Blood pressure is more than a number – it’s an important indicator of your health and well-being. But what do the numbers actually mean? Your blood pressure measures the force of blood pushing through your body. If that force is too high (or stays high over time), it puts a strain on your arteries and causes serious damage to your body.
What we know about high blood pressure can be scary. In fact, this disease is called the “silent killer” because it often shows no signs or symptoms. If left untreated and uncontrolled, you may have life-threatening health issues like heart disease, heart attack, and stroke. High blood pressure (also called hypertension) can impact anyone, though some people are at higher risk for it than others due to family history, age, gender, race, or ethnicity.
The Measure Up/Pressure Down™ national high blood pressure campaign is here to help! We have the knowledge and advice you need to live a healthy, long life. During National High Blood Pressure Education Month (recognized every May in the United States), we want you to understand the importance of these three steps in keeping your blood pressure under control:
Measure – Knowing your numbers should be your first step. The good news is you can measure your blood pressure almost anywhere – at a doctor’s office, in a pharmacy, or in the comfort of your home. Whether you’re on an exam table or your couch, make sure to:
- – Avoid caffeine or tobacco 30 minutes before the reading.
- – Don’t talk or eat during the check.
- – Place the blood pressure cuff on a bare arm – putting it on over a sleeve can affect the numbers.
- – Sit with your back supported and with both feet flat on the floor.
Monitor – Even if you do not have high blood pressure, you should check your blood pressure on a regular basis and record the numbers in a safe place so you can refer to them in the future. We recommend comparing your current numbers with past numbers so you can know if your blood pressure levels are changing. There are now devices available for home monitoring that connect to smartphones and tablets, such as the Withings Wireless Blood Pressure Monitor and similar products, that make it easy to collect and track your readings over time. Blood pressure numbers can be confusing. Here’s a quick look at what your numbers mean. Remember to always talk with your healthcare provider to determine a blood pressure goal and treatment plan that’s specific to your health.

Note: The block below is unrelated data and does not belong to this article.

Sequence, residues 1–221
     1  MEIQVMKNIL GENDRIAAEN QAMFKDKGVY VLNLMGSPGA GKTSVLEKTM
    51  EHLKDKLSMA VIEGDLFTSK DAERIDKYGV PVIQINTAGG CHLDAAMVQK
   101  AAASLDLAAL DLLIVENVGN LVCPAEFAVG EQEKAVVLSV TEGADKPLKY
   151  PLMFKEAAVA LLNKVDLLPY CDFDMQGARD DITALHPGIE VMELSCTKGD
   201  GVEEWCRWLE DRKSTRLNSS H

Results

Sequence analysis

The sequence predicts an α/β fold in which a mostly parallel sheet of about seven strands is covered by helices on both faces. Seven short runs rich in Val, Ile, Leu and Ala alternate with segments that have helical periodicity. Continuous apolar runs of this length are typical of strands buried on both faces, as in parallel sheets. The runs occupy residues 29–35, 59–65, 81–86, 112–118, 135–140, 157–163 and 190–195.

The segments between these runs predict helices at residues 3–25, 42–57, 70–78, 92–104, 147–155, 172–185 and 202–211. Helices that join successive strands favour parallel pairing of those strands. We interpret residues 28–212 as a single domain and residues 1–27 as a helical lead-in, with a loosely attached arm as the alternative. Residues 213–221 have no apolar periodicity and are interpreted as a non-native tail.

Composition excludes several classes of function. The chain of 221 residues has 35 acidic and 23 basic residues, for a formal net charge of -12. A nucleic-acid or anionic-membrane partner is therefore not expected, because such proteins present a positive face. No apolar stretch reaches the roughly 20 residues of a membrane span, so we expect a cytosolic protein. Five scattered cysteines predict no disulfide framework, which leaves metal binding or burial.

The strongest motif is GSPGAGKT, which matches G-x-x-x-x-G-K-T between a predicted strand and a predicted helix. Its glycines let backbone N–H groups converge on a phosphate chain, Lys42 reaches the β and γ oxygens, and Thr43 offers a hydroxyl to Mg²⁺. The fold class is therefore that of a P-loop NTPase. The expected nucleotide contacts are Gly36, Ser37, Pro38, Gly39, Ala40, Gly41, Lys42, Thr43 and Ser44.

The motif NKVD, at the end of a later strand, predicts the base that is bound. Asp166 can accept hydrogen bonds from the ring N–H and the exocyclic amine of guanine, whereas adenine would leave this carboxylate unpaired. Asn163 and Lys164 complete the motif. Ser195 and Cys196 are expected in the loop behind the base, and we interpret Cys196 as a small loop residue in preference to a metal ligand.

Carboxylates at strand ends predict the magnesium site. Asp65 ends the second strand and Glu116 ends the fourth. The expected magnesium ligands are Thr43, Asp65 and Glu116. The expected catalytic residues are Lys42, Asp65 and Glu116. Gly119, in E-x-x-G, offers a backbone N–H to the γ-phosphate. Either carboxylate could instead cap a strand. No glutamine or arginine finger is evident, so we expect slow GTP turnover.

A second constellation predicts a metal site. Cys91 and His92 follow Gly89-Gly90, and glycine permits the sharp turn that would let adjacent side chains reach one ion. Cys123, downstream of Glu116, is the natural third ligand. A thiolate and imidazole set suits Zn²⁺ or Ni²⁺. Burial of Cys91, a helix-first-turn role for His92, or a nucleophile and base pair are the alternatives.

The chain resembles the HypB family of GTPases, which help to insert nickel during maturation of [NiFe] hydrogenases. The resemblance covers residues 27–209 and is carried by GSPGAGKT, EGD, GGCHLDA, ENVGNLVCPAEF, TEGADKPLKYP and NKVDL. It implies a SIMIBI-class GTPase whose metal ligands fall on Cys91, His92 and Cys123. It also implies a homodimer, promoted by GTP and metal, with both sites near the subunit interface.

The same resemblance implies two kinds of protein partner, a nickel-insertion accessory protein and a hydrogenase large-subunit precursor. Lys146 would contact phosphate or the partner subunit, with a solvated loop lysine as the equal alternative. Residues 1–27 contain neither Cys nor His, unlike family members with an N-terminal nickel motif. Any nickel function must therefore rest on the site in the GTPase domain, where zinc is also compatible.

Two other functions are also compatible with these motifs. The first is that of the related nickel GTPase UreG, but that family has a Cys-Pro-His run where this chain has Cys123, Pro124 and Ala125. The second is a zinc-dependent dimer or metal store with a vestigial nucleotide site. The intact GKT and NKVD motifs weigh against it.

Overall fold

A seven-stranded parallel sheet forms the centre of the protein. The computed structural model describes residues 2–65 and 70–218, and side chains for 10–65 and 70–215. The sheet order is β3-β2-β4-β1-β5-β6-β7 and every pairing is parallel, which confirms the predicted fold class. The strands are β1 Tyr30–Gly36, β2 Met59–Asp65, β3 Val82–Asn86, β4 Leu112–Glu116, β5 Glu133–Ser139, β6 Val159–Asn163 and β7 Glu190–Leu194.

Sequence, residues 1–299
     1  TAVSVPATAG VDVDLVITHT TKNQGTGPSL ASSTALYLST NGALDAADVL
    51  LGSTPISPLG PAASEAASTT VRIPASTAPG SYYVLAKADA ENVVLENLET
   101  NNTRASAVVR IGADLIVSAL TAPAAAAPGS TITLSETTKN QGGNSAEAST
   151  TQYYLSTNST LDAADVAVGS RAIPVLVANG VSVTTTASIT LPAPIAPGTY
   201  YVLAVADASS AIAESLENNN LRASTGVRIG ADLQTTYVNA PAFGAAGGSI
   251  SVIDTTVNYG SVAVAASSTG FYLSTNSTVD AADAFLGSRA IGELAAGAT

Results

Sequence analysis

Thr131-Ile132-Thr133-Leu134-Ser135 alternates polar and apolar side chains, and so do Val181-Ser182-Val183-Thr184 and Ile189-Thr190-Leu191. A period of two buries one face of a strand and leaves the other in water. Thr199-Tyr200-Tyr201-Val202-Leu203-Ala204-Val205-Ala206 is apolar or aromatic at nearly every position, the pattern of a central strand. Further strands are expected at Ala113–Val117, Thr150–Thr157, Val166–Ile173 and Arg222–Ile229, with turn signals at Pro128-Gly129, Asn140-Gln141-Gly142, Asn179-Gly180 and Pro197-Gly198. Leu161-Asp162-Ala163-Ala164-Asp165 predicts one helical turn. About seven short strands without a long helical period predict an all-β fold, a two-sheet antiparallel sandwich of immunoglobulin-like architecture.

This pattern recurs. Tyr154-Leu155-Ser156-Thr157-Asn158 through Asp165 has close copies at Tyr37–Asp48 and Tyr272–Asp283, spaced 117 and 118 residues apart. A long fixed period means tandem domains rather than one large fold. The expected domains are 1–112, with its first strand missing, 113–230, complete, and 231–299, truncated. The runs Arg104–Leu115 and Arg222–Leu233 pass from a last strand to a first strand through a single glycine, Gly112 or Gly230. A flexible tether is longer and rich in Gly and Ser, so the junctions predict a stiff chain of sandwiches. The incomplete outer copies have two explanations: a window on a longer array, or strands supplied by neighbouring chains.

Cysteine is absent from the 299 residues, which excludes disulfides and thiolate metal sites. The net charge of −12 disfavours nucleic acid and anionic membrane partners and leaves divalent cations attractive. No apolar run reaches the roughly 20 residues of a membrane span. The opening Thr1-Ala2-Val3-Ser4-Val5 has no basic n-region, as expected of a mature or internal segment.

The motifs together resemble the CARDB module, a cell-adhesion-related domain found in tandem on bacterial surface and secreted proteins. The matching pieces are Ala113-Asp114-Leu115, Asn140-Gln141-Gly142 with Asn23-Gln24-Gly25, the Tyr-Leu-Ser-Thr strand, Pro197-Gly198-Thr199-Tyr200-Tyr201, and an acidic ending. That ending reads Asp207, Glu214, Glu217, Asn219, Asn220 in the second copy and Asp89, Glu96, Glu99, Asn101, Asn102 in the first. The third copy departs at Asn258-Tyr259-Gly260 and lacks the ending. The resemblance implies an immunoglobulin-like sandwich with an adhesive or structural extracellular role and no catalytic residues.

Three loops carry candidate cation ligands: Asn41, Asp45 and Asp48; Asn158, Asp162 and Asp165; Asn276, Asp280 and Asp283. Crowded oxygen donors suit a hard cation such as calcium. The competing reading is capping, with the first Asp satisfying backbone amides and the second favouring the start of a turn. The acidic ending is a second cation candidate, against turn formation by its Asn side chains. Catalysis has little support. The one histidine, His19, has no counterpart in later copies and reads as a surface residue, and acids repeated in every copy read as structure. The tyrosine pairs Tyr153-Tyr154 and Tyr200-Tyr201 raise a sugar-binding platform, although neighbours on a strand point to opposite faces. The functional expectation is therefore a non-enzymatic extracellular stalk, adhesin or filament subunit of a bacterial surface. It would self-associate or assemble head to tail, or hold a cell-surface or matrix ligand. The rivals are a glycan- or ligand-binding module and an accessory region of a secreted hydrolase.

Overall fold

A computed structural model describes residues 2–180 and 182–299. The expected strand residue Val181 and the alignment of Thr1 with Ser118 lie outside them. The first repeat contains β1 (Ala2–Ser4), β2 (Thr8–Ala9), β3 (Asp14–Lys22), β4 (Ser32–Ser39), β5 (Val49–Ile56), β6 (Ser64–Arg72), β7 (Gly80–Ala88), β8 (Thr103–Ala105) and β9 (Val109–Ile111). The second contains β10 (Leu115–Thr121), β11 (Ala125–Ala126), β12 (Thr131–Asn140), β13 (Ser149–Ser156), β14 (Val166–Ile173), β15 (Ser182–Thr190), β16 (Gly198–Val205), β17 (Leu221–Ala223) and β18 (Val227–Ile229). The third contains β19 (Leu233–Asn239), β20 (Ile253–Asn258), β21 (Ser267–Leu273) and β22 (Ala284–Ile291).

Maintain – If you already have high blood pressure (or are at risk), your doctor may prescribe medications and recommend important lifestyle changes such as regular physical activity or dietary changes to help you get your blood pressure under control. Be sure to work with your healthcare provider to determine the lifestyle changes that are best for you. Small changes may include regular physical activity, increasing the amount of potassium in your diet, or limiting the use of tobacco, alcohol, and salt. Take all medications exactly as your doctor and pharmacist tell you to take them. Before stopping any medication, always talk with your doctor first.
As a physician, I know getting in control of your blood pressure can be hard. Major lifestyle changes like eating healthy or quitting smoking require your dedication and determination around the clock. Fitting healthy living and medications into your life can also impact both your time and wallet.
The good news is that we’re here to help you on your journey to blood pressure control. You can learn more about the importance of controlling high blood pressure and its risk factors in our free patient booklet, Circulation Nation: Your Roadmap to Managing High Blood Pressure. We hope you’ll also follow Measure Up/Pressure Down™ on Twitter and Facebook for daily updates and tips.
A guest post by Dr. Jerry Penso, Chief Medical and Quality Officer of the American Medical Group Association (AMGA). AMGA’s nonprofit research arm, the American Medical Group Foundation, leads the Measure Up/Pressure Down™ national blood pressure campaign. The campaign mobilizes nearly 150 medical groups and health systems to achieve 80 percent of high blood pressure patients with their condition in control by 2016.
Disclosure: Withings is a pilot project sponsor of the Measure Up/Pressure Down™ campaign.